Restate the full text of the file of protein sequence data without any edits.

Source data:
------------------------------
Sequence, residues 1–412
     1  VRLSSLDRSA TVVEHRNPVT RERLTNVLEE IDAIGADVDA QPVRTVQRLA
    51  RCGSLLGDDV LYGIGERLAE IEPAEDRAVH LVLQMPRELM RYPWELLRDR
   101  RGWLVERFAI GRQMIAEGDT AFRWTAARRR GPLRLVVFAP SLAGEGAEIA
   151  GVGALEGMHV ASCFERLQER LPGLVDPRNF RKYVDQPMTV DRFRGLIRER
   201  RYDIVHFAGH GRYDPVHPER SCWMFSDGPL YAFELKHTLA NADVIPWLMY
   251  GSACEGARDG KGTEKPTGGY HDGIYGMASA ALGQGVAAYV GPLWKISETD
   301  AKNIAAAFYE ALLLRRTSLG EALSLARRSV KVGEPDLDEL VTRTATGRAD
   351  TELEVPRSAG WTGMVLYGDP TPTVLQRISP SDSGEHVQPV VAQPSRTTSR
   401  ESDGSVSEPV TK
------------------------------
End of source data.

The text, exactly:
Sequence, residues 1–412
     1  VRLSSLDRSA TVVEHRNPVT RERLTNVLEE IDAIGADVDA QPVRTVQRLA
    51  RCGSLLGDDV LYGIGERLAE IEPAEDRAVH LVLQMPRELM RYPWELLRDR
   101  RGWLVERFAI GRQMIAEGDT AFRWTAARRR GPLRLVVFAP SLAGEGAEIA
   151  GVGALEGMHV ASCFERLQER LPGLVDPRNF RKYVDQPMTV DRFRGLIRER
   201  RYDIVHFAGH GRYDPVHPER SCWMFSDGPL YAFELKHTLA NADVIPWLMY
   251  GSACEGARDG KGTEKPTGGY HDGIYGMASA ALGQGVAAYV GPLWKISETD
   301  AKNIAAAFYE ALLLRRTSLG EALSLARRSV KVGEPDLDEL VTRTATGRAD
   351  TELEVPRSAG WTGMVLYGDP TPTVLQRISP SDSGEHVQPV VAQPSRTTSR
   401  ESDGSVSEPV TK